Ukraine’s Nova managed to get an upset 15-13 win against Cosmo, who were missing some players on Friday (most notably Blasz Jakopin).
On Saturday, the group proved to be tight as can be and the calculators had to be brought out.
INNsiders, who wanted to show that they could up their game, started with a clear 15-5 win against Nova. Cosmo upset Prague Devils 15-12 while Girls Stay Home beat Yellow Block 13-12.
INNsiders kept their momentum and beat Prague Devils 15-10 while Cosmo lost to Yellow Block. Nova had a decent showing but they were out of contention for the “Backdoor Game” after they lost to Polish champion GSH 15-12.
INNsiders beat Cosmo 15-12 to go 3-0 on Saturday. Cosmo dropped to last place in the group with the loss to Nova proving the tiebreaker. Prague Devils beat GSH, who were unbeaten up until that game, 15-11 and had the first place in Group B locked in.
Ultimately, INNsiders finished second in the group with a point difference of +10, one in front of Yellow Block. Prague Devils managed a fourth place finish, also with a 3-2 record due to the unexpected loss to Cosmo.
For both teams qualified for semis, it seemed that the easiest way to get to Caorle was to claim 3rd place because the opposition from Group A seemed to be stronger.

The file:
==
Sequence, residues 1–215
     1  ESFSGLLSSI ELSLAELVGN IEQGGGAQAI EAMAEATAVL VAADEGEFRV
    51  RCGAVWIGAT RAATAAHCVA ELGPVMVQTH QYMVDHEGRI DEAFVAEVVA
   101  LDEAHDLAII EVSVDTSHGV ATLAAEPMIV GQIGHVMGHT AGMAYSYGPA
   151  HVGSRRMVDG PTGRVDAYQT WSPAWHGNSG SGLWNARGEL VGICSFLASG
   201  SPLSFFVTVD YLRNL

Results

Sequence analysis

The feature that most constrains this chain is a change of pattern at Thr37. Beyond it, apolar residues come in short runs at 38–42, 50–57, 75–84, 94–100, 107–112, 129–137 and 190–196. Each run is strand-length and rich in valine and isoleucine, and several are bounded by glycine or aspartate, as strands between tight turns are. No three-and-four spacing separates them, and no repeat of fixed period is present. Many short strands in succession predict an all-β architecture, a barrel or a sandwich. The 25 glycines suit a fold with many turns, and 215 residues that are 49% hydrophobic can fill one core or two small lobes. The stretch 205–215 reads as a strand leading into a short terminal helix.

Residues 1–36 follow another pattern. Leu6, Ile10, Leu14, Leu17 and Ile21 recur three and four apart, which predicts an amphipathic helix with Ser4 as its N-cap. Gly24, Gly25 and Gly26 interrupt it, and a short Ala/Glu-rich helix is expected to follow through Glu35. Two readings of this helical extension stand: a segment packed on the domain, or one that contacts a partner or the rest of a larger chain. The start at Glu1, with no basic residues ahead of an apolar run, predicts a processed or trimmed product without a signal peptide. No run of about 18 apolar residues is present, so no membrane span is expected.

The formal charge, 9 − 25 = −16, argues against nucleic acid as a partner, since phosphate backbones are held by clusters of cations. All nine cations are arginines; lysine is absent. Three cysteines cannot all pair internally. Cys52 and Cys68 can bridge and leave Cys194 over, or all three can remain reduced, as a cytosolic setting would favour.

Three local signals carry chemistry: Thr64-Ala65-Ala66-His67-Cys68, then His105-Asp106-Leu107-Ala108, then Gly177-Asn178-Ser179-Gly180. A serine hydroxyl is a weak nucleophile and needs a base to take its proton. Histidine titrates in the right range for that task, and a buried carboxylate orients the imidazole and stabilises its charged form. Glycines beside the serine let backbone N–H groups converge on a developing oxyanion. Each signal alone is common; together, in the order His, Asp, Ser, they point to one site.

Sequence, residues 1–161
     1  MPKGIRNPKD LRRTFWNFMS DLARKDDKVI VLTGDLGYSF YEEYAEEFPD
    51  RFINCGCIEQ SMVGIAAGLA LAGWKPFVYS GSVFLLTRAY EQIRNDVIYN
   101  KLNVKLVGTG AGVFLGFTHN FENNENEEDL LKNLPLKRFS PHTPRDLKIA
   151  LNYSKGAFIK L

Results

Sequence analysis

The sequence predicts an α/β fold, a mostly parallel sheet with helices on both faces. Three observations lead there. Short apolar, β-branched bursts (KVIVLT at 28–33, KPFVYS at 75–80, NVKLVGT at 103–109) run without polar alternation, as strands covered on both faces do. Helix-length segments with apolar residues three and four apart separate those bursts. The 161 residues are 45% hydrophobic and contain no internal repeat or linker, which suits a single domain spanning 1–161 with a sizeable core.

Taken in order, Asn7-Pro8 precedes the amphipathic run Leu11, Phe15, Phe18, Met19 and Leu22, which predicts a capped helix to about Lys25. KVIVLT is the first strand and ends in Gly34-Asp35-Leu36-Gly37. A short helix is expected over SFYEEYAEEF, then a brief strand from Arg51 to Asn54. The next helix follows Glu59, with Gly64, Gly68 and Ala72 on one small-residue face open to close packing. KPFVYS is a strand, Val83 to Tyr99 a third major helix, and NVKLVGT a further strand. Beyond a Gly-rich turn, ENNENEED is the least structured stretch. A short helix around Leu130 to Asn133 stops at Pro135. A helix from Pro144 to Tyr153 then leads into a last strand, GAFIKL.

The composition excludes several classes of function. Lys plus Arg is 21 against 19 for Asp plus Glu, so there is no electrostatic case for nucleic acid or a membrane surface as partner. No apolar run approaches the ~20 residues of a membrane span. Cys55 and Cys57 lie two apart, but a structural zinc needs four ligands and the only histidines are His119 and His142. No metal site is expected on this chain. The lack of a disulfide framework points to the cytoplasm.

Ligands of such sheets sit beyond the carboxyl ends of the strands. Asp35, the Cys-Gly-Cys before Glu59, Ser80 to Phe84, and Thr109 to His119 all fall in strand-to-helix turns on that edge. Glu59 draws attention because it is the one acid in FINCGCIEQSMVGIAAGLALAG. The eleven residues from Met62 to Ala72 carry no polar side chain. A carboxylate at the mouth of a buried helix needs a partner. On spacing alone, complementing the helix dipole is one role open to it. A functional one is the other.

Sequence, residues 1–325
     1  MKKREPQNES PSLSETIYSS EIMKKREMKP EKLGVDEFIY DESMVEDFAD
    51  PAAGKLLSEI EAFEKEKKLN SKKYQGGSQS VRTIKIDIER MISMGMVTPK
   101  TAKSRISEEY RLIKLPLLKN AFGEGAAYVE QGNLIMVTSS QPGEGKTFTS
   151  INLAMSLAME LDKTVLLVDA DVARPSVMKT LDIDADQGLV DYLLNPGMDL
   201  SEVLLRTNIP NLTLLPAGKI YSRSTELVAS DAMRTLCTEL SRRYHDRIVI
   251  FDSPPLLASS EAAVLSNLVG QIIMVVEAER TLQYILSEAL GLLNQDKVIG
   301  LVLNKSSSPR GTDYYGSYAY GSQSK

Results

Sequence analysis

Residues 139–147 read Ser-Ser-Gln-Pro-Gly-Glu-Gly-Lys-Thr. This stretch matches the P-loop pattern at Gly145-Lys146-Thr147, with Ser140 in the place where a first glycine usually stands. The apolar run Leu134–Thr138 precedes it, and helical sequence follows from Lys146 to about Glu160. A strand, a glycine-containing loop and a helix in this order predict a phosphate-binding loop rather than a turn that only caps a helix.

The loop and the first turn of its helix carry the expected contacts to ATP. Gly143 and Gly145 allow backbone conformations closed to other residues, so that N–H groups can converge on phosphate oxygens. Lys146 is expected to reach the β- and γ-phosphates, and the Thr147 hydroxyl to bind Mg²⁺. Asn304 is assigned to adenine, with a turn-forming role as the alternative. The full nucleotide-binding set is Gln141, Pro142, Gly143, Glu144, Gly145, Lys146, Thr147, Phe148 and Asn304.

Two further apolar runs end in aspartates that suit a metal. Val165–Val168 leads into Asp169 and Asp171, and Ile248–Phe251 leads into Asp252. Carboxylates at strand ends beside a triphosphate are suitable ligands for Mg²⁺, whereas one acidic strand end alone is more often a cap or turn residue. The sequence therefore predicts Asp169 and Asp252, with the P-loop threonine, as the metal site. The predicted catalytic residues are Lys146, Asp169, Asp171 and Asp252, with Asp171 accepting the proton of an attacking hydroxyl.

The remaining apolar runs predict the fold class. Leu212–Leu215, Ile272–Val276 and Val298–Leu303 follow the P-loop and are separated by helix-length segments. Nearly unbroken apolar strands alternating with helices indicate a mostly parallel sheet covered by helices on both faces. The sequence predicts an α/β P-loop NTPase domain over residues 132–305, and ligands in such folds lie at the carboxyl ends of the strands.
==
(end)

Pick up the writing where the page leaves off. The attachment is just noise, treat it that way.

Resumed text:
After a horrific start to the tournament, INNsiders only needed one win on Saturday to go to Caorle. The most important thing for them, though, was not having to play three times on Sunday.
Against FWD>>, who had improved all weekend, they had a horrific start with lots of drops and throwaways. Things never improved and the game ended 15-3 for FWD>>, with INNsiders clearly preserving energy for their next game.
Girls Stay Home was the underdog taking on the Austrian champion Catchup Graz. Catchup started with a string of mistakes and was staring down a 4-1 deficit. GSH was still a point in front at 10-9 when the game started to slow down a lot due to long discussions on calls. It took a layout block by Catchup O-line handler Christoph “Chaplin” Schitter and a bookends scores to get Catchup even at 10-10.
Catchup had the disc at 12-12, game to 13, but could not capitalize on one of three chances they had to score. Girls Stay Home got the upset win with a big huck and celebrated their qualification for EUCF.
Catchup had to refocus after this disappointing double game point loss and play a more rested INNsiders.
INNsiders started the game firing on all cylinders, taking advantage of Catchup’s mental errors and scoring with long shots to perfectly set up deep cuts. Despite falling behind 5-1, Catchup again closed the gap before half, 8-7 for INNsiders.